Rapid City Dinosaur Park

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Rapid City Dinosaur Park

The Rapid City Dinosaur Park features life-size dinosaur sculptures in a well manicured grassy park in Rapid City.

What can I see and do at the Dinosaur Park?

It's simply a city park ... but with dinosaurs. The kids will love exploring the trails that lead from life-size dinosaur to dinosaur. There is also a gift shop on-site, open during the summer.

Where is the Dinosaur Park?

Located at 940 Skyline Drive, a scenic road that divides east and west Rapid City on a ridge line.

How much does it cost to visit?

Free to visit.

Who can I call if I have questions?

The City of Rapid City Parks and Recreation department manages the park. They can be reached at (605) 394-4175.

A little more interesting info:

History reigns strong in the Black Hills of South Dakota with the Rapid City Dinosaur Park.  For more than seventy-nine years, the park has provided people from across the state and world with insights into the lives and habitats of the prehistoric mammals that once roamed freely across the local landscape.

The Rapid City Dinosaur Park is as much about education as it is about fun.  Though the dinosaurs are as true to form as was envisioned in the 30’s, the concrete dinosaurs have a cartoonish air to them, making them equally as awe inspiring as they are amusing.  However, after generations of studies, the modern realistic outlook of dinosaur reconstructions is considerably different from these cartoon-like renditions.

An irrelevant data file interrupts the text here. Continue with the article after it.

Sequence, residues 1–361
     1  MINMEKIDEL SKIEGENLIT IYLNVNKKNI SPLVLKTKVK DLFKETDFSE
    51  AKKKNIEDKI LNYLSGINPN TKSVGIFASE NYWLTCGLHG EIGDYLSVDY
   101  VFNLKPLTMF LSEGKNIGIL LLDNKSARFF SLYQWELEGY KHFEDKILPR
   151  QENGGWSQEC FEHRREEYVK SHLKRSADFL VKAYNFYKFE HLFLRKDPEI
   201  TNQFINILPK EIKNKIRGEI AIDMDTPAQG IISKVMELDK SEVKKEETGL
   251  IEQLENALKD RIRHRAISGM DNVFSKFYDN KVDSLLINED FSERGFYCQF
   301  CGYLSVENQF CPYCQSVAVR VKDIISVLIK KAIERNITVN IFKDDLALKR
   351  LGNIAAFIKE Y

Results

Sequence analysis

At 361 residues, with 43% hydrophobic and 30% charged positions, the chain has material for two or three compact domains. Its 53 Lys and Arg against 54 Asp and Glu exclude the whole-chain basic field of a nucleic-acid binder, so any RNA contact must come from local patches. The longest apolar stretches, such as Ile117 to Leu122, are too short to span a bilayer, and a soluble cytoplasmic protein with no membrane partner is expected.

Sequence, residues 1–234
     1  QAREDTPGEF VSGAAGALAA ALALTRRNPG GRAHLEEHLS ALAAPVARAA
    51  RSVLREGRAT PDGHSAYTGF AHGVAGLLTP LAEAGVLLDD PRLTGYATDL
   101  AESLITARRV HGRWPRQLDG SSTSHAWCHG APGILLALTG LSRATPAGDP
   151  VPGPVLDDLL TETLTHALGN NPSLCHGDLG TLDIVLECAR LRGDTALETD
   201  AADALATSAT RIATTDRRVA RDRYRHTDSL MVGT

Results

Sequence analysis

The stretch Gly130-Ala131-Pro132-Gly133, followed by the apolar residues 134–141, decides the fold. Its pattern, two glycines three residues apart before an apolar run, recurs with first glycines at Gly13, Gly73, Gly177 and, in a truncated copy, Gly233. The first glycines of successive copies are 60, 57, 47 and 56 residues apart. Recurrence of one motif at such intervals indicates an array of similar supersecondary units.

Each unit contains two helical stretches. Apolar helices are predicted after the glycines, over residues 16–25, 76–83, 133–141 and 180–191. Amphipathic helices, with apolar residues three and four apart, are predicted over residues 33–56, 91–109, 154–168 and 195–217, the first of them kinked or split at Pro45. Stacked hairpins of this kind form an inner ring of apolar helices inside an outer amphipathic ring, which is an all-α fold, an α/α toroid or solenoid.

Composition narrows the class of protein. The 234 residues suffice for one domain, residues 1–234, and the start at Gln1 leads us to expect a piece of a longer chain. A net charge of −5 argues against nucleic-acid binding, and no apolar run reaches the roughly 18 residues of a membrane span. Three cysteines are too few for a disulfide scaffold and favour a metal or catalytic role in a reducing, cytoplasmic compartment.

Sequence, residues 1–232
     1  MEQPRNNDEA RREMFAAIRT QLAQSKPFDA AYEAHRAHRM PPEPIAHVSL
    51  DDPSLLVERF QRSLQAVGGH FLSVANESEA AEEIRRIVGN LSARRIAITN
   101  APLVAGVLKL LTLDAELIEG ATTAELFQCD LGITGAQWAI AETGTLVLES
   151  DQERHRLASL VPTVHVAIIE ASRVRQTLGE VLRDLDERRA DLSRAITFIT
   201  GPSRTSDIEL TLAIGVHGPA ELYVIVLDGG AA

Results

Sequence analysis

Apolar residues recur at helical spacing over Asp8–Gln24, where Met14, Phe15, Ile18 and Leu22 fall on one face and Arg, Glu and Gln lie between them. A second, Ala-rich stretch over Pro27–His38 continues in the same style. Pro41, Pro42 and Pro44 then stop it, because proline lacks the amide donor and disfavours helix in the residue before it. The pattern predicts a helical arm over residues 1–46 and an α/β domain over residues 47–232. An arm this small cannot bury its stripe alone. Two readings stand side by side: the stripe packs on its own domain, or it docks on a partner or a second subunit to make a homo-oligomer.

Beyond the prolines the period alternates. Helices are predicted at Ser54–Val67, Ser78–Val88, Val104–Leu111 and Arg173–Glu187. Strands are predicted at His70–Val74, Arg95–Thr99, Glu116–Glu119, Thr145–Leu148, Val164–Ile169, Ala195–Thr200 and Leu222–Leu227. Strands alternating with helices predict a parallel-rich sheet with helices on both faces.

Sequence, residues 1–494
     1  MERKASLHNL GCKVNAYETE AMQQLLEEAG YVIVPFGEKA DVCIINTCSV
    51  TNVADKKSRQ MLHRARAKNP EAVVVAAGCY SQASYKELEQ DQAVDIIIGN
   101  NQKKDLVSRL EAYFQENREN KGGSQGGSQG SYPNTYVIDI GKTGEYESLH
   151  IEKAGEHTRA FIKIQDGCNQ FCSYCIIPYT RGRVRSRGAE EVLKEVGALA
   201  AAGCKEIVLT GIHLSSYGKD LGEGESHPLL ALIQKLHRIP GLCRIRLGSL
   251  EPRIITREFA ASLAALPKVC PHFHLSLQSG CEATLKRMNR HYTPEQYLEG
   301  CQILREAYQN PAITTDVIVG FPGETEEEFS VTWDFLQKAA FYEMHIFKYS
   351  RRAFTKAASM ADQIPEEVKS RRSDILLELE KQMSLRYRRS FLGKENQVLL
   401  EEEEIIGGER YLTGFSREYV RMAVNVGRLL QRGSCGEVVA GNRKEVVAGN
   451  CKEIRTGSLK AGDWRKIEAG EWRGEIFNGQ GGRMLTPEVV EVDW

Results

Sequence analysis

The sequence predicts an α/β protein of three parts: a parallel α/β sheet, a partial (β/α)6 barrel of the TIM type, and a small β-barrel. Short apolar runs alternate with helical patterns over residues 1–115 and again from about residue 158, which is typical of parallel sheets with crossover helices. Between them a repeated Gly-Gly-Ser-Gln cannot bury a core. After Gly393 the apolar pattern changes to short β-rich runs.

Five of the Rapid City Dinosaur Park’s massive sculptures are classics in their own right, brought to the city during the Great Depression of the 20th century.  Locals and tourists alike have been flooding the park with their children, which is just a short distance from Mount Rushmore and other major Rapid City and area attractions.

The park was dedicated in 1936 with five dinosaurs constructed from iron type pipes and concrete.  These include the 80 foot by 28 foot Brontosaurus, which stands on the park’s highest ridge.  The Tyrannosaurus Rex, Stegosaurus, Triceratops and Apatosaurus stand nearby, lining the lower slopes and varied walkways.